First is groomer safety. The dead coat that has been loosened from the living coat by using a degreasing product in the bath is now ready to fly off the cat. That dead coat is not only going to make a mess by flying around your work environment, but if you are not wearing a mask, it will also fly all the way down to your lungs. Using a containment drying system will suction that dead coat away from your sinus passages and into a container for disposal.
Another way a containment drying system keeps groomers safe is by confining the feline. If you begin to lose control of Fluffy, pull your arms out of the arm holes. Problem solved. Fluffy can’t go anywhere. If you can continue the groom, great. If you got in over your head and Fluffy was more aggressive than you expected (we have all been there), block the arm holes with a towel and the owner can retrieve Fluffy at pick—up.
I also recommend this type of dryer because it speeds up the drying time, allowing the groomer to get the feline completely dry. The ratio of forced air to suction minimizes humidity far better than most of us can in our drying rooms. After a few minutes, the cat tends to pick a spot in the enclosure and settle in. At that point, you can focus on drying one area of the cat. After that area is dry, you are able to methodically increase the drying area until Fluffy is not only fluffy, but completely dry.
The containment drying system is the ideal piece of equipment for the cat groomer. It contains all the dead coat that is pushed out of the feline during the drying process, prevents the dead coat from entering your body through sinus passages, makes clean up easier and produces a dryer coat in less time.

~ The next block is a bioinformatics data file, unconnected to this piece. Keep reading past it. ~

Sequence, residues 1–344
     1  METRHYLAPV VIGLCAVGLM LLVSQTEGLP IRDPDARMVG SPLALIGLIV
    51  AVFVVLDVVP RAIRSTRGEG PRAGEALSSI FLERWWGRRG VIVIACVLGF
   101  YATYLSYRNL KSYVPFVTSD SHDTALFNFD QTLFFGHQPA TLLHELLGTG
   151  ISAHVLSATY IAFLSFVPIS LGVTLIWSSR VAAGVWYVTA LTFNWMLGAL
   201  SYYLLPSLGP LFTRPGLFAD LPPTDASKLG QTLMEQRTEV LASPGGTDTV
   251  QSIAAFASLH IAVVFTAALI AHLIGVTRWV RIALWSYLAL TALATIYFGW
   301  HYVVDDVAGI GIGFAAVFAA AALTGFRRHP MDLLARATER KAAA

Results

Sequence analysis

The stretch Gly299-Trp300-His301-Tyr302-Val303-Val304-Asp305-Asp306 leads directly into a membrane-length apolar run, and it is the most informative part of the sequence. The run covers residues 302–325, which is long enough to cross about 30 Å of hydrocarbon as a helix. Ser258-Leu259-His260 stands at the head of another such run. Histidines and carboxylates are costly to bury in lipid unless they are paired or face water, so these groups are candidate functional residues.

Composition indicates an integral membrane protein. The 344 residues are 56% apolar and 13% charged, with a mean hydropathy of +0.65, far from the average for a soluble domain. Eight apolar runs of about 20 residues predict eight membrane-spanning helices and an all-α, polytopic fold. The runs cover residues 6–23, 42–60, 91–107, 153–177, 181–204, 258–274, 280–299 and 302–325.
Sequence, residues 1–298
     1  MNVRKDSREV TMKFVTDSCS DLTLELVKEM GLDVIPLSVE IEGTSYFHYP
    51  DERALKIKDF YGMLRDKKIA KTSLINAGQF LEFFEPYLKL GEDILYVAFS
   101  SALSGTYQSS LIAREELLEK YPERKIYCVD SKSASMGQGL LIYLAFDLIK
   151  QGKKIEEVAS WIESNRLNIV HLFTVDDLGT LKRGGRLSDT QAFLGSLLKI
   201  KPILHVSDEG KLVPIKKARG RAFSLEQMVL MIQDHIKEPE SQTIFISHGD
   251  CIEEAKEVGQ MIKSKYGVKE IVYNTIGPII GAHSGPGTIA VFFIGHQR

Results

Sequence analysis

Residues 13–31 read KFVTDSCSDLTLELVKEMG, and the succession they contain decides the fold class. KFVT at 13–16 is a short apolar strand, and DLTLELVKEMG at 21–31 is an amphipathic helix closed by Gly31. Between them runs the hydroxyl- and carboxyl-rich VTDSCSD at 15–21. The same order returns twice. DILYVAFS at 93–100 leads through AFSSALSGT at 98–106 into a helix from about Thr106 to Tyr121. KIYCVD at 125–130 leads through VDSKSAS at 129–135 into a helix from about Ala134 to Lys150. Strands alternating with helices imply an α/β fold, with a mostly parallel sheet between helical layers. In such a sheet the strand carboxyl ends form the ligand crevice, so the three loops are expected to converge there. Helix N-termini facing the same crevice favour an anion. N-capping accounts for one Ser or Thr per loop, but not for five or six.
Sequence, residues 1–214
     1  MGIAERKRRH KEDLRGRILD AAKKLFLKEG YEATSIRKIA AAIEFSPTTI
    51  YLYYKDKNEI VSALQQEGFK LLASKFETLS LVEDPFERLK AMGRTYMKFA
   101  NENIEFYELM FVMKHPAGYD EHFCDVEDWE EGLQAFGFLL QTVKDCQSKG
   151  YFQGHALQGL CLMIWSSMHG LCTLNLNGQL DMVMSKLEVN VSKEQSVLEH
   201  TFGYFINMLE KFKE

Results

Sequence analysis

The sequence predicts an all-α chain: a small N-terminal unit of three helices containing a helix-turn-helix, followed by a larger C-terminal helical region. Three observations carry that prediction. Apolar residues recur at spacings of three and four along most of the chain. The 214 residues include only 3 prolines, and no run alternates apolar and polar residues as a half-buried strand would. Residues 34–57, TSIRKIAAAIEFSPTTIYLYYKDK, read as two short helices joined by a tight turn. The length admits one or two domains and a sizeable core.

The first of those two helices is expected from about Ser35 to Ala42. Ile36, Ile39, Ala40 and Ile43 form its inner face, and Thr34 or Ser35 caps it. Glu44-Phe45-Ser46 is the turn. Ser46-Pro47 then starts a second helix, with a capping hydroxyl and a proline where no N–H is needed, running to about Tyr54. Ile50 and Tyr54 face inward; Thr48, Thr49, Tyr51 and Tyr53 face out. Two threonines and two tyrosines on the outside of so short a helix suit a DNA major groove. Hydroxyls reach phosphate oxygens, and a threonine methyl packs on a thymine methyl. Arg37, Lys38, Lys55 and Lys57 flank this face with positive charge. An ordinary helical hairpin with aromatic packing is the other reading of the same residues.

Free–Standing Variable Speed Dryer
All of us are not fortunate enough to have the space, finances or work environment for a containment drying system. As a house call groomer, I rely on my little 4—horsepower dryer. It has completed over 3,000 feline grooms and shows no sign of slowing down any time soon. Besides variable speed, weight is an important factor for house call groomers.
No matter your work environment or budget, the main feature to look for in a feline dryer is variable speed control. Variable speed controls are a built in safety system for the cat groomer. They allow the groomer to increase the speed as the cat is comfortable and decrease the speed at signs of stress or anxiety.
Deborah Hansen, CFMG, CFCG, is the owner of a successful feline exclusive house call business, Kitty’s Purrfect Spa in California. She is the creative talent behind Feline Artistic Creations and founder of “Deborah’s Programs,” a complete rebooking program for cats. Deborah is also the owner and creator of Kitty’s Kopy Kats, a stationary store for cat groomers, and author of multiple articles in Groomer to Groomer magazine, Purrfect Pointers and local publications on the topics of feline grooming, issues that affect felines, and business growth. She teaches, speaks and consults on the topics of all things feline, including grooming, environment, behavior, and creative grooming. Additionally, she teaches business and online presence for groomers.deborahhansen.com